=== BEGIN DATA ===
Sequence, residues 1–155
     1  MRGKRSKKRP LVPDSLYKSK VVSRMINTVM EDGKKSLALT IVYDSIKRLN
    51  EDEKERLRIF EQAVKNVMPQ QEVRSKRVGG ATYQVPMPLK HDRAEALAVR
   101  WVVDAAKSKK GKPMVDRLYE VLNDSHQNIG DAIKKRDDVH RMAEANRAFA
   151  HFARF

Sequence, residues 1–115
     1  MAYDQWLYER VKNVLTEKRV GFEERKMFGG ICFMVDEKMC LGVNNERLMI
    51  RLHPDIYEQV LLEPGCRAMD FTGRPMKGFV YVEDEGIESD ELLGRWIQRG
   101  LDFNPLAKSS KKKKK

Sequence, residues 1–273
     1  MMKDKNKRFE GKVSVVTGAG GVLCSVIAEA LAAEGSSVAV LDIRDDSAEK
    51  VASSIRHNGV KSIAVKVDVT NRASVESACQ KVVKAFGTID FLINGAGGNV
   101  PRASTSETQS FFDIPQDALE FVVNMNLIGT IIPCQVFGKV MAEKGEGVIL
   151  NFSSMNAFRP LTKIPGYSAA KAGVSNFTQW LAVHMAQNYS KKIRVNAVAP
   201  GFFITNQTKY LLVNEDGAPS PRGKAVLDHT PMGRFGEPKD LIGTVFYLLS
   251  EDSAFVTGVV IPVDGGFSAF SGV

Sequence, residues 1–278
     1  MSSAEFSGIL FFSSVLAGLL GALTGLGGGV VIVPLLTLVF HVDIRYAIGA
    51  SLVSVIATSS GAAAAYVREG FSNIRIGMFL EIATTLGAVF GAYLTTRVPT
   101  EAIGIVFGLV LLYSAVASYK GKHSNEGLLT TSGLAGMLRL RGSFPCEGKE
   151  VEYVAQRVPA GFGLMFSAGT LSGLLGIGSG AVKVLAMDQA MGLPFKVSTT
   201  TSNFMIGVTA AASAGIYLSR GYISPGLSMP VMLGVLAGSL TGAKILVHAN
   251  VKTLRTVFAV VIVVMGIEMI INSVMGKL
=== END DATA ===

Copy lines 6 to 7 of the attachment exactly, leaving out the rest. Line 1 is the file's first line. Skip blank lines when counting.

Sequence, residues 1–115
     1  MAYDQWLYER VKNVLTEKRV GFEERKMFGG ICFMVDEKMC LGVNNERLMI